Paul Greenberg

The old editor I was meeting seemed defeated. We didn't talk about the job. Instead, we looked out his office window to see Manhattan's flags being lowered to half-staff one by one as the word spread and the afternoon light turned yellow in New York's dingy canyons.

The editor talked about how it had felt the day FDR died.

Certain days stay in the mind. Like a film that is unwound and replayed again and again. As much as you'd like to stop it. Each time. But you can't.

Years later, the phone would ring and I would turn the television on to see the jetliners strike the buildings again and again. In an endless loop. As much as you'd like to stop it, to turn it off, you can't.

To watch the Zapruder film is like that. It is to see the destruction of the temple again and again. Nothing ever changes. It is always 12:29, Dallas time, November 22, 1963.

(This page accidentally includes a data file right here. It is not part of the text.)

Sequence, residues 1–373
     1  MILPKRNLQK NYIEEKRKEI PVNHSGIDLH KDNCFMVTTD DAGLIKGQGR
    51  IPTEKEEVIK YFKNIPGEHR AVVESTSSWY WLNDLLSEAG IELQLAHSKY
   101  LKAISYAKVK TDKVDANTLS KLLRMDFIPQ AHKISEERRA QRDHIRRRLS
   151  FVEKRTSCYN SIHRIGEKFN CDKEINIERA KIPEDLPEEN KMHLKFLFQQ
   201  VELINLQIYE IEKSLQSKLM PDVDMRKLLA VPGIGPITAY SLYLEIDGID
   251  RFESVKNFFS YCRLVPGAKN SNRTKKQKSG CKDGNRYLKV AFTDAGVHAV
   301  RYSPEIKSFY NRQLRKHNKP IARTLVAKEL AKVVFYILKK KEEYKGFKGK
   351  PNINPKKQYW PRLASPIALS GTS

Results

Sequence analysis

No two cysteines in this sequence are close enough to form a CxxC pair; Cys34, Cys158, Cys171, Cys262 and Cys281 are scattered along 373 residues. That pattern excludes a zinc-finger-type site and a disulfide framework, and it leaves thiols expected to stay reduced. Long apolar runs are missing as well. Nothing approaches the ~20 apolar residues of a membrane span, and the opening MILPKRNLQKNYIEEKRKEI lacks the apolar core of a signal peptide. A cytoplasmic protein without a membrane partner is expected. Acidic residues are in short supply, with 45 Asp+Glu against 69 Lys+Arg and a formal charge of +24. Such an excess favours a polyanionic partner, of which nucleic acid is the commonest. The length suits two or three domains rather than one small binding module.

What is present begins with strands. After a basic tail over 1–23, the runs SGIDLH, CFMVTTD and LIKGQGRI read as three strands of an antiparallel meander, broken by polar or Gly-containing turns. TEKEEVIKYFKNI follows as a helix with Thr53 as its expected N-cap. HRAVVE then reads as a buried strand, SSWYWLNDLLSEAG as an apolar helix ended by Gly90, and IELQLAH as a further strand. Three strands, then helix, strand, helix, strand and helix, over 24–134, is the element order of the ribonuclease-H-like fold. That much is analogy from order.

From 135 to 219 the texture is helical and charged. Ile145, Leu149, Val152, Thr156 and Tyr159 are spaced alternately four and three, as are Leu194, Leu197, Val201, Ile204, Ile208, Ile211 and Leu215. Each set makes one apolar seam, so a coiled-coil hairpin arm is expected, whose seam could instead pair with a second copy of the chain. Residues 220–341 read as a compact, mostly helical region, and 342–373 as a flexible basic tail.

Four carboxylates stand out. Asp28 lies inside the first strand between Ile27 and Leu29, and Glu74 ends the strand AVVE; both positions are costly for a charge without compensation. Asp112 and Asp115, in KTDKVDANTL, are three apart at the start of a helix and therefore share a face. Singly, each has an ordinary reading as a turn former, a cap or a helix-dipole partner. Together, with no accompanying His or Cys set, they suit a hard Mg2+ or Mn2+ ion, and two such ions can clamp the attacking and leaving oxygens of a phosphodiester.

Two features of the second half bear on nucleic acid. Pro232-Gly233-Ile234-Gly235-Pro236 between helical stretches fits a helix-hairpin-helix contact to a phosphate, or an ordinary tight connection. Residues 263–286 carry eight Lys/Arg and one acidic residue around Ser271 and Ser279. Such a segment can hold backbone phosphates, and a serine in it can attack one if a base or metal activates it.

Never again, one thought at the time, would Americans take their country so lightly, their institutions so for granted.

But time passes and fortune changes, and some years the day passes almost unnoticed.

Then some new crisis erupts, and people are reminded again of how fragile society really is. We are jerked awake, and realize that life is shipwreck. And that our way of life is not a machine that runs by itself after all, but one that requires daily heroism. Suddenly awake, we look differently at the uniforms that guard us while we sleep. And all it takes to remind us of the fragility of life and power is just a date on the calendar and a certain slant of light.


Paul Greenberg

Pulitzer Prize-winning Paul Greenberg, one of the most respected and honored commentators in America, is the editorial page editor of the Arkansas Democrat-Gazette.